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August 20, 2004

Poaching Christmas

“Daddy…Is Santa Claus real?? she asks. I look at her. She’s embarrassed to ask the question. Can only feign a brief flash of eye contact. My internal mind-machine gears are turning smoothly, with the inertia of nearly four decades of experience. A well-oiled brain that’s singular focus has produced smart-assed, knee-jerk, responses for so long that it doesn’t know how to be serious, deliberate, or tactful about anything. And here is a five year old offering up her childhood for serious consideration. Her delicate world is precariously balanced on a fulcrum and the fulcrum is a lie. A deliberate, well-documented, widely promulgated forgivable, white lie that is handed down from generation to generation to like herpes.

I didn’t really start out intending to poach a Christmas Tree. They sell “Holiday Tree Permits? that allow the serfs permission to enter the Good King’s Forest on a particular day and cut a single tree, not more than six inches in girth, using only a handsaw. I had paid my fee and purchased my non-secular “Holiday Tree Permit?, but I failed to notice that the date specified was November 29th. When Jennifer and I entered the Good King’s Forest on November 30th, we were a day late.

Now, how it was decided that the National Forests should be closed that day is anyone’s guess. The organs of the government entrusted with the care of the forests evidently couldn’t be bothered with showing up to work on this particular date for reasons that escape a cursory scrutiny.

But I had my little crumb-catcher with me, and seeing as how she had been sold a bill of goods about how we were on the annual pilgrimage to sack and pillage a tree, I didn’t see that there was any reasonable thing to do except to go forward with the massacre as planned. The fact that I was technically on probation for allegedly pulling a Colt .45 pistol on a fireman crossed my mind, but it couldn’t be helped. I only had Jennifer a few days a month. If they didn’t open the forests on those days, then that was their problem, not mine. Damn the torpedoes. Full steam ahead.

Easing the Tahoe into 4-wheel drive, high-range, I followed a vestigial trail that trickled down from the main highway into a discreet section of the forest that I was reasonably sure wouldn’t be spotted from the road. If the forest wasn’t officially opened for business, there was bound to be some weathered busybody that would take it upon himself to intercept any suspicious trucks entering the woods surreptitiously, and I didn’t want to make some nosy buzzard into a small-town hero.

Jennifer and I were able to locate a suitable evergreen without much trouble. I sawed it down, and it somehow managed to find the ground without hitting her as she scampered away, scrambling uphill like a mountain goat on speed. I drug the tree down toward the Tahoe, carefully watching for additional vehicles and nosy woodsmen.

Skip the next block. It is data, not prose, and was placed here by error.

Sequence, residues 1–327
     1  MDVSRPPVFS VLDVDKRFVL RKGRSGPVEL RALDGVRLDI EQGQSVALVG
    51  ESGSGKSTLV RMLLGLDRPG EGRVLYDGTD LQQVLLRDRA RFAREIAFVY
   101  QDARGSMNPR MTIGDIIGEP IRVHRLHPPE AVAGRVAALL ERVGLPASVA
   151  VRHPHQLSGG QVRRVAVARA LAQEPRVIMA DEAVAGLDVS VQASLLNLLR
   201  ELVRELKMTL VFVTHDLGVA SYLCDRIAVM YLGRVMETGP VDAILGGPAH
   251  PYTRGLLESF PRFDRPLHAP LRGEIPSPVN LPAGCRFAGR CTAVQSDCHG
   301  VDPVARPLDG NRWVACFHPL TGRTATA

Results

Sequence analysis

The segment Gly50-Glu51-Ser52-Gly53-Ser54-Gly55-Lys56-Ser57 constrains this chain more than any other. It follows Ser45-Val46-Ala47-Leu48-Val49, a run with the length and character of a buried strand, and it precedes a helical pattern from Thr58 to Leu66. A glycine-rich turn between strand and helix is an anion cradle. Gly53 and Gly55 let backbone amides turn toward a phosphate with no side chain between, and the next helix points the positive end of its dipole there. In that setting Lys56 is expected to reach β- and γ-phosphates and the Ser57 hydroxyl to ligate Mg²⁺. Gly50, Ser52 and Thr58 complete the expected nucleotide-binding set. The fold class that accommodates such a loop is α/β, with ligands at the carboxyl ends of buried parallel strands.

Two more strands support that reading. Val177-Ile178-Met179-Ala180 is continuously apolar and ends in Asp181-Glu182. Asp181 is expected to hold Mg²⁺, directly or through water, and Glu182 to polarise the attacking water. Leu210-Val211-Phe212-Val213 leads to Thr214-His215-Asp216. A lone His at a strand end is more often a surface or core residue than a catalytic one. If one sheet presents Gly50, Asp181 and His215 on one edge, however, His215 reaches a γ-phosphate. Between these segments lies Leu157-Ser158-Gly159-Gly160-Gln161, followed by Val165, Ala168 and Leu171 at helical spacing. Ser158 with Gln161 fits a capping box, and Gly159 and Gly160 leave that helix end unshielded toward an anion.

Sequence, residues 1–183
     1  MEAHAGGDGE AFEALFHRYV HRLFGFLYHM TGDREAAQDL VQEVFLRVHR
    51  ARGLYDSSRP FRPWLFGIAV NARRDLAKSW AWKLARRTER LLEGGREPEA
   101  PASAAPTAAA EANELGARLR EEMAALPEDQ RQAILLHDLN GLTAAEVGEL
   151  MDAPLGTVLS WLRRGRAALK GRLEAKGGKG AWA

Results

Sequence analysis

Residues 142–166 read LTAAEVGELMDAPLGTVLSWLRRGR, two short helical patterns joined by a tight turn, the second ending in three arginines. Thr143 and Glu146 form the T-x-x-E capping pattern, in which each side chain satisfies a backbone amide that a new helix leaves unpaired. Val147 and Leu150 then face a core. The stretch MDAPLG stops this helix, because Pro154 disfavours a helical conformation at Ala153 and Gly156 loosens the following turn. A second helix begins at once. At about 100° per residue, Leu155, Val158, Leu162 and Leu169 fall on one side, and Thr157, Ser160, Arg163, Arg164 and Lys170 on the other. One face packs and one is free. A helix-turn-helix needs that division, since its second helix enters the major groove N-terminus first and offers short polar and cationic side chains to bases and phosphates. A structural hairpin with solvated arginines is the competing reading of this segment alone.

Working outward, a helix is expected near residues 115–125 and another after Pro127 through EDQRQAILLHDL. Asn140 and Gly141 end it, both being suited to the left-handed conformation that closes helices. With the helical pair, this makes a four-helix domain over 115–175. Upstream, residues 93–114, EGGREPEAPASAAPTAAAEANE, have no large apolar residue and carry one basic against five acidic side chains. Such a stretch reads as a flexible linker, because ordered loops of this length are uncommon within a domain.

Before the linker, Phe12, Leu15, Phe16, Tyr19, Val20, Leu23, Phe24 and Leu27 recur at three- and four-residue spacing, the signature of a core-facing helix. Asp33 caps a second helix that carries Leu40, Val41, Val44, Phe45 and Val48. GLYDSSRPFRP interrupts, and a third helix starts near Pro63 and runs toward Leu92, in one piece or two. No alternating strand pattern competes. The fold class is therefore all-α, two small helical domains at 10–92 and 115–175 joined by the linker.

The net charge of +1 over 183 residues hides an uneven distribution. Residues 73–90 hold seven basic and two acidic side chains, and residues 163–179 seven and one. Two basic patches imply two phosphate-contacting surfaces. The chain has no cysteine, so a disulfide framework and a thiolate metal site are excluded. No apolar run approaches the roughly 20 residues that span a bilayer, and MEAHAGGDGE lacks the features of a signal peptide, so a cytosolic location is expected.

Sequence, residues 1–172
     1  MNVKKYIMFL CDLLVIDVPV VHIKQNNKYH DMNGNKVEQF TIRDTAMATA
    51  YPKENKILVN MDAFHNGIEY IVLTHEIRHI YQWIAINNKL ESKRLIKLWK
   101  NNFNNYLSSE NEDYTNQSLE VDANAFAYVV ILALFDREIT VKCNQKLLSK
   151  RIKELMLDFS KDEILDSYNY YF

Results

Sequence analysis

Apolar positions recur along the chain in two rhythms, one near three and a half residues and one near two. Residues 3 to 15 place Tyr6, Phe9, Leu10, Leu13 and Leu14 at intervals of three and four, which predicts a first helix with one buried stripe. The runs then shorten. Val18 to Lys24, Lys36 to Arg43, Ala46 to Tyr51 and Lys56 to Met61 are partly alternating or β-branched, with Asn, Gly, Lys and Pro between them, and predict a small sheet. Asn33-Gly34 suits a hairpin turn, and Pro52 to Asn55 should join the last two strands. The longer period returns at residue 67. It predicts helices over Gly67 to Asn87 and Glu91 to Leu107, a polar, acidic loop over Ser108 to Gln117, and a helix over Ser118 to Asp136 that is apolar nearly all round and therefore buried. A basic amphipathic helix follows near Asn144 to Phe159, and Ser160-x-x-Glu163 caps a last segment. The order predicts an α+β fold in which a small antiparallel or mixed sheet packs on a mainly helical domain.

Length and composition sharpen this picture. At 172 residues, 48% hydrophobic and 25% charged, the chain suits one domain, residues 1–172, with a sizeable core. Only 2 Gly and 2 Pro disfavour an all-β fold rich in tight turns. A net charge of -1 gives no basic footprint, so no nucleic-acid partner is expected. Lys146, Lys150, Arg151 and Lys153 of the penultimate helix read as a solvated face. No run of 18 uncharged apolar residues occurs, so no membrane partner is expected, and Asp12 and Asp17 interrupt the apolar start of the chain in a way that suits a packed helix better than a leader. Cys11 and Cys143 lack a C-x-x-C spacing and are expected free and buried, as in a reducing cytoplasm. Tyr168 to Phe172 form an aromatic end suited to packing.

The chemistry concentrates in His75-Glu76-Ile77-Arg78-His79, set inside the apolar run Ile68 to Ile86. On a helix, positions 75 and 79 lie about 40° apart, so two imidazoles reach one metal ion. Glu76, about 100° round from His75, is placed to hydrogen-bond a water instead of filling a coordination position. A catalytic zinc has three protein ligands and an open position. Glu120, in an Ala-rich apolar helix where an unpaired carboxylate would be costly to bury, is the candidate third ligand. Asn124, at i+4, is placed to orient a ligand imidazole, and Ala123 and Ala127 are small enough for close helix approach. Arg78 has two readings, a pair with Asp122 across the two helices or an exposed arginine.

I tossed the tree into the Tahoe. It was longer than I had guessed. Probably somewhere between 9 and 10 feet. It ran from the windshield to the cargo doors and then some.

“Hurry up and get in. We’ve got to get moving.? I urged Jennifer.

“Why daddy?? She questioned.

“We need to hurry home and get this thing in some water right away.? I explained. “Remember how the tree lost all its needles last year? We didn’t get in the water fast enough.?

“Yeah daddy. Faster. Faster. Let’s get it home!? Jennifer cheered as I covered the illicit cargo with my army field jacket and headed out onto the main highway.


We made it home without incident. Predictably, the illicit tree was much taller indoors than it seemed when we pilfered it from under the auspices of the National Park Service. I put it the non-secular “Holiday Bush Stand?, and propped it near the end of the couch. Jennifer made two paper Christmas Tree ornaments, and put them on the tree, but, aside from that, it is bare. I filled it with water, but didn’t add Aspirin as I’m afraid Slinky will drink it and die from internal hemorrhaging.

Then Jennifer, aged five years, began to ask the big questions.

“Daddy…Is Santa Claus real??

I look at her. She’s embarrassed to ask the question. Can only feign a brief flash of eye contact. My internal mind-machine gears are turning smoothly, with the inertia of nearly four decades of experience. A well-oiled brain that’s singular focus has produced smart-assed, knee-jerk, responses for so long that it doesn’t know how to be serious, deliberate, or tactful about anything. And here is a five year old offering up her childhood for serious consideration. Her delicate world is precariously balanced on a fulcrum and the fulcrum is a lie. A deliberate, well-documented, widely promulgated forgivable, white lie that is handed down from generation to generation to like herpes.

“Why do you ask, angel??